Since we couldn’t have our usual barn tour by bus in 2020, we came up with something different – a self-driving route through the Thumb’s rural landscape with the Map-N-Tour app. It features 12 stops – a variety of working barns, quilt barns and art barns as well as museums and a farmers market. 

Go to Google Play or the App Store to download the free Map-N-Tour app on your smart phone or tablet. Open Map-N-Tour and choose “Story Road Michigan” – Thumb Barn/Color Tour. Couch travelers can take a desktop tour at www.storyroadmichigan.com.

Click here for details.

MBPN Annual Conference 

(The next MBPN Conference will be in 2022.)

2020 Conference Recap: Barn Art – The Rise of Rural Tourism” was the theme of the Feb. 29, 2020 event at MSU’s Kellogg Center in East Lansing. 

The 2020 conference explored Michigan barns and their uses through agriculture, family pride, tourism and rural heritage. The morning presentations focused on the potential for rural arts and culture tourism – from the contemporary art installations in Port Austin to traditional folk art seen on quilt barn trails in 28 Michigan counties. Read more about barn art on the Annual Conference page and in the pre-conference newsletter.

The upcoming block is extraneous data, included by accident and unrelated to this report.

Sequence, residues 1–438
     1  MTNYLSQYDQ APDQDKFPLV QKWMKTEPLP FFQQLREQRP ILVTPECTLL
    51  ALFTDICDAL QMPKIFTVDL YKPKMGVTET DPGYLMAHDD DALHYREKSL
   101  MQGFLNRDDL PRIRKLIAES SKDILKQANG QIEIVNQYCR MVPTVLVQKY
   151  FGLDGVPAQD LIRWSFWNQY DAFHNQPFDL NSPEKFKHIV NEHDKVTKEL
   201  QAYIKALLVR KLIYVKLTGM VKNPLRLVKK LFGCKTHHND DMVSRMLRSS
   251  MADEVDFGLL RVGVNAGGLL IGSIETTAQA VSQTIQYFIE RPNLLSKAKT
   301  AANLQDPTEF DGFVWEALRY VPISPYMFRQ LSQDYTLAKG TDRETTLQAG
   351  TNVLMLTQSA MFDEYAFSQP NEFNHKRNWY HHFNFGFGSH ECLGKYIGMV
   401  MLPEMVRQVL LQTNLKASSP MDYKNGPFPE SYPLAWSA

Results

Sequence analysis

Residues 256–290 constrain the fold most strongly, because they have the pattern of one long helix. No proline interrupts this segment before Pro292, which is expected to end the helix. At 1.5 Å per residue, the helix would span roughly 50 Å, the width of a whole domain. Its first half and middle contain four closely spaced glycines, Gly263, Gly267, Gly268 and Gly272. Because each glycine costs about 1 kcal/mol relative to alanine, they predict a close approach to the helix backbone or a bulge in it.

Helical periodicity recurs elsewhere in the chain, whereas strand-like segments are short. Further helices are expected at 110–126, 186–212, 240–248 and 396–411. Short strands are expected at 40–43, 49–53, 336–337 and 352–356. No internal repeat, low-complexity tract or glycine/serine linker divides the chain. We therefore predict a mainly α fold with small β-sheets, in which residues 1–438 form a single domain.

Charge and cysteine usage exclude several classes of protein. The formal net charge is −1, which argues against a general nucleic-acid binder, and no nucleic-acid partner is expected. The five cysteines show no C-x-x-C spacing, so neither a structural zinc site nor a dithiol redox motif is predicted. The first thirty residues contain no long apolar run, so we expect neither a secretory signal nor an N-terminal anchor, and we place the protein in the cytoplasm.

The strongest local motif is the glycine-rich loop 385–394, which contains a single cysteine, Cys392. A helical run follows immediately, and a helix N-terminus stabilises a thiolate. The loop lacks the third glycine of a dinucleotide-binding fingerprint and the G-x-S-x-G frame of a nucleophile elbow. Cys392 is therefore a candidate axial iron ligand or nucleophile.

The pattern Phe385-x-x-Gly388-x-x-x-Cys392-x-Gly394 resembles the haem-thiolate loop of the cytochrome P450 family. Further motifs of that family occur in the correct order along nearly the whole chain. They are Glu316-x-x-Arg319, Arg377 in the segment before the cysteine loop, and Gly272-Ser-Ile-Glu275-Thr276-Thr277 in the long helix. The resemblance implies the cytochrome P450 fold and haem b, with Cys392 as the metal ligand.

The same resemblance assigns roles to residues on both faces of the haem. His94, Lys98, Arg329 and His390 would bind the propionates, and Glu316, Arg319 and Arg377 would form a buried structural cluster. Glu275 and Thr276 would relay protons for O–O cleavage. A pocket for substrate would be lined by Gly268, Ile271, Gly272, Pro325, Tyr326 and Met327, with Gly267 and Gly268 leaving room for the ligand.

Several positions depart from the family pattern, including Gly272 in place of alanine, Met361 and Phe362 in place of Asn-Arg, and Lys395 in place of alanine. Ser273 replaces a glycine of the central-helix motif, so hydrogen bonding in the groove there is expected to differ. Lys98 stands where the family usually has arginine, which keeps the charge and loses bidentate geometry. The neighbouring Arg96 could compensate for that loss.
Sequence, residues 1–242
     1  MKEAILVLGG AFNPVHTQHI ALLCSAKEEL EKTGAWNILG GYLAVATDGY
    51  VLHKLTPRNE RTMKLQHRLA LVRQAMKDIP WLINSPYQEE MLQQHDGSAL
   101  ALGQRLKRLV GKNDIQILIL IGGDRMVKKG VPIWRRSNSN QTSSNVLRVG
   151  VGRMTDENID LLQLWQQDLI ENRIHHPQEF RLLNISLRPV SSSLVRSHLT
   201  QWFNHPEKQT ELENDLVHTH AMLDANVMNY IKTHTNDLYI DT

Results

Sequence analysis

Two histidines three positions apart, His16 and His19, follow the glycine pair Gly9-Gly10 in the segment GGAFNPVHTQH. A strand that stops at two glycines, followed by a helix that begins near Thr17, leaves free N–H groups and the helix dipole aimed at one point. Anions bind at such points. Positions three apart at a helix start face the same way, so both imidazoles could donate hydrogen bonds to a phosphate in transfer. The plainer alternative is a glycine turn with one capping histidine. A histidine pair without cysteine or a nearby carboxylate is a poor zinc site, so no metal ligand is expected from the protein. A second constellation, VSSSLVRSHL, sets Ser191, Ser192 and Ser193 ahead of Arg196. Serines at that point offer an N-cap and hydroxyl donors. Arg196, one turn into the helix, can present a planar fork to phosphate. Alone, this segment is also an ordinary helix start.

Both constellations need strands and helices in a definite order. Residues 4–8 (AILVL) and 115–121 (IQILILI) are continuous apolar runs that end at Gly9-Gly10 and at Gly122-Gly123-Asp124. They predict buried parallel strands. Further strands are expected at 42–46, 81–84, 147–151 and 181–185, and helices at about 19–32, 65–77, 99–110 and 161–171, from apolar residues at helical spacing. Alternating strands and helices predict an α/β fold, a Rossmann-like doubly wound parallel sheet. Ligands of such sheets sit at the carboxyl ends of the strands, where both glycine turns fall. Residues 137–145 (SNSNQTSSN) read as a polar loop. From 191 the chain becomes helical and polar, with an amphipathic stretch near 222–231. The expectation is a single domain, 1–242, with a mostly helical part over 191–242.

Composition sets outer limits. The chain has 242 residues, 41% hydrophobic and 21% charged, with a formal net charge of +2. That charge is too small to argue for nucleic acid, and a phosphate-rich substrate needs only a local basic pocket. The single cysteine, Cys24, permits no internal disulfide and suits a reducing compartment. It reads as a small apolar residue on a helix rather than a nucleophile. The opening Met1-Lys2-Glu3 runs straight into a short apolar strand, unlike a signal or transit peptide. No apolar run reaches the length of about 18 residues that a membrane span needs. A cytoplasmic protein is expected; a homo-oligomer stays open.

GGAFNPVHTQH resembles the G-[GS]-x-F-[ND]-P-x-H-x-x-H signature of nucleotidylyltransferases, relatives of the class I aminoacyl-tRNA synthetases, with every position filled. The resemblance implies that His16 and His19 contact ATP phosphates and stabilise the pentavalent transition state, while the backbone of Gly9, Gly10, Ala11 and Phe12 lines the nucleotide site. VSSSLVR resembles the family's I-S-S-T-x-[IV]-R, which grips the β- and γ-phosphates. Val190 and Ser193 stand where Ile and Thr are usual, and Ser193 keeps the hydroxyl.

Gratiot Co Barn Quilt Blocks

The Annual Conference also featured restoration and building projects. The Herren Family’s barn transformation story is in the Spring 2020 newsletter and Jim Bowes and Jeanette Routhier’s tale of building a barn-inspired cabin is in the Summer 2020 issue.

Welcome to the Michigan Barn Preservation Network (MBPN), a volunteer-based, statewide nonprofit dedicated to promoting appreciation, preservation, and rehabilitation of Michigan barns, farmsteads, and rural communities.

We are committed to the rehabilitation of barns for agricultural, commercial, public, and residential uses. Adapted re-use is a significant strategy for barn preservation – all structures need a reason for being.

MBPN fosters the sharing of barn experiences and resources with this website and through educational events, recognition programs, connections and collaboration. 

Barns symbolize positive qualities of American character: strength, honesty, endurance, security and family stability. They remind us of our heritage and help tell the story of rural life. They serve as landmarks while fulfilling the purpose for which they were originally designed, housing agricultural products and animals. With maintenance and some adaptations, they can serve us well for many years to come.

Mission: Promoting Appreciation, Preservation and Rehabilitation of Michigan Barns, Farmsteads and Rural Communities since 1995.